Amphetamine Category: Stimulants
Also called: speed, amphetamine sulphate, uppers, phet, billy, whiz, sulph, base, dexedrine, dexamphetamine.
How it’s used
Amphetamine is a stimulant (‘upper’). It can be a powder or tablet which you sniff, swallow or inject. Speed is an off-white or pinkish powder and can sometimes look like crystals. Base speed is purer and is a pinkish grey colour and feels like putty. You can dab speed onto your gums or sniff in lines like cocaine using a rolled up bank note. You can also roll it up in a cigarette paper and swallow. This is called a ‘speedbomb’. You can mix it in drinks or inject it. You can smoke methamphetamine in its ‘crystal’ form. It starts to affect you within 20 minutes and lasts for 4-6 hours.
- You feel exhilarated, with more energy and confidence
- You don’t need much sleep or food
- Your pupils look wider and your face paler
- Your breathing and heart rate increase and blood pressure rises
- Dry mouth, diarrhoea, need to urinate more often
- Higher doses also cause flushing, sweating, headaches, teeth grinding, jaw clenching and racing heart
- You may be talkative and aggressive
- Can sometimes cause amphetamine psychosis, when you lose contact with reality
- Tolerance – you need to take more to get the same buzz
- Anxiety, depression, irritability and aggression
- Powerful cravings
- You may become violent
- Mood swings
- Mental health problems such as psychosis, paranoia, delusions and hallucinations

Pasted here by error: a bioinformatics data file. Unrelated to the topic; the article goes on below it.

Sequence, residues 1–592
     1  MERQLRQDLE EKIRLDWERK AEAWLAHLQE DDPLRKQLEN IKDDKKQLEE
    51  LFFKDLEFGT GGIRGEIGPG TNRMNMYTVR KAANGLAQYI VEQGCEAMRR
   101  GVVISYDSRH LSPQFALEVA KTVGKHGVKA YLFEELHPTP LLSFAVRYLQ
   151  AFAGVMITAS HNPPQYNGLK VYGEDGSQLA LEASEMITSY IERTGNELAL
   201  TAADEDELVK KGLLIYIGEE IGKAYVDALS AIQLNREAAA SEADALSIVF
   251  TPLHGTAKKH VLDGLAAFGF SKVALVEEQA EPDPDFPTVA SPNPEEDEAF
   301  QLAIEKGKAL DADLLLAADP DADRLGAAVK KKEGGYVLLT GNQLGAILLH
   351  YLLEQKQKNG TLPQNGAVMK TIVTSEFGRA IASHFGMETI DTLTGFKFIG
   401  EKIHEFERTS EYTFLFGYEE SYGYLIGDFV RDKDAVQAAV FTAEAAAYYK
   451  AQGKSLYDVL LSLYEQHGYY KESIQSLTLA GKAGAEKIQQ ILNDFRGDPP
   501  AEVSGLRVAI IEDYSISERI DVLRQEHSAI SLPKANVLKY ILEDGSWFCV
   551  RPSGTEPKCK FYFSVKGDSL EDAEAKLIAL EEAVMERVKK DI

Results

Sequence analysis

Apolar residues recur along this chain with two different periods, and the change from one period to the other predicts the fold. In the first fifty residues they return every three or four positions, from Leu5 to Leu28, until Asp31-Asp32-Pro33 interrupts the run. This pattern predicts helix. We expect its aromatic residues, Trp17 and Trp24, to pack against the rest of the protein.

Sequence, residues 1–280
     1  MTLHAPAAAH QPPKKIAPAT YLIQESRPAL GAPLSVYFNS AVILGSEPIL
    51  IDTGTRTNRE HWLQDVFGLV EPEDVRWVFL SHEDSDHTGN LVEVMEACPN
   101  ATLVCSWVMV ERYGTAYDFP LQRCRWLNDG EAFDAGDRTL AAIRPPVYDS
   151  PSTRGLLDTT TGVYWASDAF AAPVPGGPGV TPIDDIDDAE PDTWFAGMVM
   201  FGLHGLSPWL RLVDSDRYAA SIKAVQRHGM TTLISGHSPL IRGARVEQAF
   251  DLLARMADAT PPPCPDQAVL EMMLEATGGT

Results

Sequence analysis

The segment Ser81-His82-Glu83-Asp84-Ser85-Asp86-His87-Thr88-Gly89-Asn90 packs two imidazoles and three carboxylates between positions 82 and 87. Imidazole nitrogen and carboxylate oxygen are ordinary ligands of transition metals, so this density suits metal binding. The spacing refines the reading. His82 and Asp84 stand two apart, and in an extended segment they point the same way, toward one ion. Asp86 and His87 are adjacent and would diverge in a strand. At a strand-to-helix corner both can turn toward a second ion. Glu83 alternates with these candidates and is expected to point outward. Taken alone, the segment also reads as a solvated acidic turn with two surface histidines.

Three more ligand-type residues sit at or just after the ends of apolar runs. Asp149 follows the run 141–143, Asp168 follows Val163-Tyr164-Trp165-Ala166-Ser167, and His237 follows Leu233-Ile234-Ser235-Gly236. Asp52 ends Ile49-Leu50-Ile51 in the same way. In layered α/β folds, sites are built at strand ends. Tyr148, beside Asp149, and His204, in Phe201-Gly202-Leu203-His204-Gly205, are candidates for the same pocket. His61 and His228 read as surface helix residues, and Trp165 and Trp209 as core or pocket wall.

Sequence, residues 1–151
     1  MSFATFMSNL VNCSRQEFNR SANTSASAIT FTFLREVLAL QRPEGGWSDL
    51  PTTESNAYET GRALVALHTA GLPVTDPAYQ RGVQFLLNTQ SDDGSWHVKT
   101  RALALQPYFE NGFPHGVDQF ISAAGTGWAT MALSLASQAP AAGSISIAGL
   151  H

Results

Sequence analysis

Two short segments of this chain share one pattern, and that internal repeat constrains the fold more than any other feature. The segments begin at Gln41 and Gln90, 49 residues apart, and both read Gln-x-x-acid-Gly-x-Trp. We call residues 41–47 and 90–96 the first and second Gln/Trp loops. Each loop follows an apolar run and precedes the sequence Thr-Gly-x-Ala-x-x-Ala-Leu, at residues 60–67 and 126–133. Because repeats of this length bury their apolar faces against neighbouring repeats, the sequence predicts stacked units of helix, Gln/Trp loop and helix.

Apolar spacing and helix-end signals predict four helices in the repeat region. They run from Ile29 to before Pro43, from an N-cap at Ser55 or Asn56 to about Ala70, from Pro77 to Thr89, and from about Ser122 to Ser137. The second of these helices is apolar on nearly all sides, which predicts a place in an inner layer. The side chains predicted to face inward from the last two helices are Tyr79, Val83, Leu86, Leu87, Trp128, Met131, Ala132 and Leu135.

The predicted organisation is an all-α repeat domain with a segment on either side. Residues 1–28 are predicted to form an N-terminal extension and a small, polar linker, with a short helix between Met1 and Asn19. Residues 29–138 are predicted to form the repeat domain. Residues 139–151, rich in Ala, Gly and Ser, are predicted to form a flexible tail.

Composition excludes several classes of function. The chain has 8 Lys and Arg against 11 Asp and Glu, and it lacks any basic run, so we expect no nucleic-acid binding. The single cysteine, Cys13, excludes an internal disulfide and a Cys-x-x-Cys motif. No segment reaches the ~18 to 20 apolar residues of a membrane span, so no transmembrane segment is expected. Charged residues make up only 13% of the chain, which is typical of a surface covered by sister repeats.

- Weight loss
- Scratching or itchy skin
- Sniffing speed can damage the inside lining of your nose
- Injecting speed can cause vein damage and sharing needles puts you at risk of HIV and hepatitis
- Risk of overdose
- Heart failure
- Very dangerous if you combine it with anti-depressants or alcohol
- Risk of HIV and hepatitis if you share snorting or injecting gear
- May trigger underlying mental health problems
- Increased sex drive can lead to unsafe sex, with the risk of unwanted pregnancy, sexually transmitted diseases (STDs) or HIV
If you are pregnant
Do not take if you are pregnant as we don’t know what the risks are to your baby.
You can become addicted to speed physically and psychologically, so your body craves it and you find it hard to cope with life without it.
You may have anxiety and panic attacks after withdrawal from speed. You may feel you have no energy for weeks afterwards.
How long does it stay in your system?
Speed will show up in a urine test for 1-2 days. (The length of time depends on the test used, the amount you take, if you have other medical conditions and your own metabolism. Please use this figure as a guide only).
What help is available?
- Self-help support such as Narcotics Anonymous
- Counselling or psychotherapy
- Complementary therapies such as acupuncture
- Support from your doctor
- Residential treatment programmes
- One to one or group family support
- Contact the Drugs Helpline 1800 459 459 to find out about options in your area